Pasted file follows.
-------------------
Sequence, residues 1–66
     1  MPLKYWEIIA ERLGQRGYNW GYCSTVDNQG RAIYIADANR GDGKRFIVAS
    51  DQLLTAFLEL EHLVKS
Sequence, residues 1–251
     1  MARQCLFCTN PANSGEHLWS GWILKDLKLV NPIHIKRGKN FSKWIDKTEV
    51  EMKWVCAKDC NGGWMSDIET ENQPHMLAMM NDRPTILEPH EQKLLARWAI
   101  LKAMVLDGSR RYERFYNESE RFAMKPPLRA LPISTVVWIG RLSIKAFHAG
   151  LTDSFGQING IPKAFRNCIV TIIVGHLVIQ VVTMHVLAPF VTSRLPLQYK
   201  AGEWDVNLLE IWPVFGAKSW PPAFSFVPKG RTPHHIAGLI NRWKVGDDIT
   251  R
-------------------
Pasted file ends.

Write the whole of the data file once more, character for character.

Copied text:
Sequence, residues 1–66
     1  MPLKYWEIIA ERLGQRGYNW GYCSTVDNQG RAIYIADANR GDGKRFIVAS
    51  DQLLTAFLEL EHLVKS
Sequence, residues 1–251
     1  MARQCLFCTN PANSGEHLWS GWILKDLKLV NPIHIKRGKN FSKWIDKTEV
    51  EMKWVCAKDC NGGWMSDIET ENQPHMLAMM NDRPTILEPH EQKLLARWAI
   101  LKAMVLDGSR RYERFYNESE RFAMKPPLRA LPISTVVWIG RLSIKAFHAG
   151  LTDSFGQING IPKAFRNCIV TIIVGHLVIQ VVTMHVLAPF VTSRLPLQYK
   201  AGEWDVNLLE IWPVFGAKSW PPAFSFVPKG RTPHHIAGLI NRWKVGDDIT
   251  R